China installs buoys in Pacific Ocean – report
BEIJING, China – China has installed 17 sets of submerged buoys in "key marine areas" of the western Pacific ocean, state media said, a move that could exacerbate territorial tensions in the region.
The mission carried out by the Chinese research vessel Kexue "marks the first time that China has put an array of submerged buoys on such a big scale", the official Xinhua news agency reported late Tuesday, October 21.
"The buoys will provide important scientific statistics about ocean circulation and climate," Hu Dunxin, a scholar at the Chinese Academy of Sciences, told Xinhua.
The vessel is expected to return to the region next month "to conduct a deep sea environment project", the report added.
Beijing has regularly clashed with its neighbors in the East and South China Seas over issues of territorial sovereignty, and is increasing its naval reach into the Pacific as it expands its blue-water fleet, while the US has declared a foreign policy "pivot" towards Asia.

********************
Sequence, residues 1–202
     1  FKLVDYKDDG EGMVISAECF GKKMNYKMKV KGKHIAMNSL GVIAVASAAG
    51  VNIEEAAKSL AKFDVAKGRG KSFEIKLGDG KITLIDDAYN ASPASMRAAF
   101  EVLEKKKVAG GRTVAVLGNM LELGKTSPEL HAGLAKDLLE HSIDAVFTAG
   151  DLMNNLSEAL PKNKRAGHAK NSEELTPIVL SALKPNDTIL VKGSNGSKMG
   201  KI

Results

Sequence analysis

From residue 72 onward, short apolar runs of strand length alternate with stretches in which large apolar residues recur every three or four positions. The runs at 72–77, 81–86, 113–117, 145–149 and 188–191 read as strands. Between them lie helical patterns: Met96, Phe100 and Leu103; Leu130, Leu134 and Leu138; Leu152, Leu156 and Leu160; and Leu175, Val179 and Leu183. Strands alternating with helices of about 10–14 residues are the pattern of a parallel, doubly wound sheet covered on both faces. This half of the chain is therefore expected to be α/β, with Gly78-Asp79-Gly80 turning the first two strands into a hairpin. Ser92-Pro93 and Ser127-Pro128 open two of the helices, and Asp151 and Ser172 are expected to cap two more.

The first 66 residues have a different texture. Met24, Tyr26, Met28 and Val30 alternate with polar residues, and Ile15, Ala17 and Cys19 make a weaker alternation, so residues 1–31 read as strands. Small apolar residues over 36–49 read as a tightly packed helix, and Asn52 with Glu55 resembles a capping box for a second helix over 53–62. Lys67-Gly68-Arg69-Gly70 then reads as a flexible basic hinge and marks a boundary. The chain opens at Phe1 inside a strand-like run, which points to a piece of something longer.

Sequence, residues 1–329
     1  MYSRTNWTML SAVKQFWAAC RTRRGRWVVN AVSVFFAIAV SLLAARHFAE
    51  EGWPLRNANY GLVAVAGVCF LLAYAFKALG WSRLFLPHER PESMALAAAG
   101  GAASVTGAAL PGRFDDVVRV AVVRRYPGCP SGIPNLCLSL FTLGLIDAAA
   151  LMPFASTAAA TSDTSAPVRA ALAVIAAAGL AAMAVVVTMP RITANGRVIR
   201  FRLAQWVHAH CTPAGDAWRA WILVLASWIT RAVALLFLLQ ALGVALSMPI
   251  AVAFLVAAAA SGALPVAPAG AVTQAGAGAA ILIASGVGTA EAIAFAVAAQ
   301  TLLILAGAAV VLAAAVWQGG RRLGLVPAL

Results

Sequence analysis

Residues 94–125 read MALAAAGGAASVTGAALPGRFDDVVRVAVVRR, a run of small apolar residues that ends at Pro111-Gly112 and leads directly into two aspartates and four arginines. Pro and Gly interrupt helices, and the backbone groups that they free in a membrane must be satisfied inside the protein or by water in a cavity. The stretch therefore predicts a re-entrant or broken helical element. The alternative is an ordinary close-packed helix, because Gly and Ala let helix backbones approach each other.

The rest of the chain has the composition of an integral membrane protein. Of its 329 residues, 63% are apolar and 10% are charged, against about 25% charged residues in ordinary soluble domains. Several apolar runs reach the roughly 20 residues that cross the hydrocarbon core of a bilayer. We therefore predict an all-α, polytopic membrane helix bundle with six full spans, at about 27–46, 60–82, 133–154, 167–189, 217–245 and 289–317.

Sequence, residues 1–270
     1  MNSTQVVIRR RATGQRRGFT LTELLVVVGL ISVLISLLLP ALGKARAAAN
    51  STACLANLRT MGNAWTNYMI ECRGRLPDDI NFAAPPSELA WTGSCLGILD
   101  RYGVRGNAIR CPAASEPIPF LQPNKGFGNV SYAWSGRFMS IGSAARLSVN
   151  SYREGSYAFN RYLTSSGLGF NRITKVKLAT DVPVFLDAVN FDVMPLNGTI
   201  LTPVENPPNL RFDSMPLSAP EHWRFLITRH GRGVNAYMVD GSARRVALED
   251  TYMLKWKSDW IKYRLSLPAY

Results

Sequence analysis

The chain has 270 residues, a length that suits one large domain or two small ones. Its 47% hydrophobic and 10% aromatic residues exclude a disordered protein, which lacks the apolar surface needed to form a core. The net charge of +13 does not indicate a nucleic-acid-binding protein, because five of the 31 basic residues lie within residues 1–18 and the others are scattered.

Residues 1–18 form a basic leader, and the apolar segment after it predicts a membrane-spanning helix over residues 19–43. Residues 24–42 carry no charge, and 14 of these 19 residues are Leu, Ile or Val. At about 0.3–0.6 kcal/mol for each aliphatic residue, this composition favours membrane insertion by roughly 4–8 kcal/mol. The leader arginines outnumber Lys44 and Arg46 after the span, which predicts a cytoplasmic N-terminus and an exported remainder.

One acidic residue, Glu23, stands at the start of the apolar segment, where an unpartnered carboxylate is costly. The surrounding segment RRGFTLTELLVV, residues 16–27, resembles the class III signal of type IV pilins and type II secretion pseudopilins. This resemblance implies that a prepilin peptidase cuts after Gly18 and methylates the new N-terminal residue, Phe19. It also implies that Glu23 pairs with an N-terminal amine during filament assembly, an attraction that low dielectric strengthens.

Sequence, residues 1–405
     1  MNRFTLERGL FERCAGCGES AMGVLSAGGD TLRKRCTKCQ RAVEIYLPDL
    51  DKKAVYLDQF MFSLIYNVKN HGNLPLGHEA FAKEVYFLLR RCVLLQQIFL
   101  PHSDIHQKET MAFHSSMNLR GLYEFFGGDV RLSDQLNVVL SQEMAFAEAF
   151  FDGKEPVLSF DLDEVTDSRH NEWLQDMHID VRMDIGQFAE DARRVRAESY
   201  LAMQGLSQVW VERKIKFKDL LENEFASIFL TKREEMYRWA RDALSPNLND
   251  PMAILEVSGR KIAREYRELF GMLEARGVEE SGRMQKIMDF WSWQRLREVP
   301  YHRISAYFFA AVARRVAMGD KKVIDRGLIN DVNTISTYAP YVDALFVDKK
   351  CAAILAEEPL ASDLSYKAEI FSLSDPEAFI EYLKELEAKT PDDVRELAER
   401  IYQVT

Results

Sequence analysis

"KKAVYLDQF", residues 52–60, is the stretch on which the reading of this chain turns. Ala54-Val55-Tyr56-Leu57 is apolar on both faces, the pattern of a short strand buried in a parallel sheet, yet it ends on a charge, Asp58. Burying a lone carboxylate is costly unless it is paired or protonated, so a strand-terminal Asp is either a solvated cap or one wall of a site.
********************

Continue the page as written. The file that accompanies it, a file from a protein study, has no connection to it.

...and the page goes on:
China claims the South China Sea almost in its entirety, and its increasingly assertive stance has heightened tensions with the Philippines and Vietnam, two of the other claimants.
This spring, a wave of deadly anti-Chinese riots took place in Vietnam after China deployed the giant Haiyang Shiyou 981 oil rig into waters claimed by Hanoi.
Two weeks ago Beijing announced the completion of a runway for military aircraft on Woody Island, part of the Paracel chain that is also claimed by Vietnam.
Vital shipping routes run through the waters of the South China Sea and they are believed to sit atop vast oil and gas deposits.
Relations between Beijing and Tokyo have plunged over their competing claims to a chain of Japanese-controlled East China Sea islands, where vessels and aircraft from both countries regularly patrol.
Experts say that China is acting to assert its legal claim and practical hold over contested territory, creating so-called "incidents of sovereignty" whatever the short-term political and diplomatic costs. – Rappler.com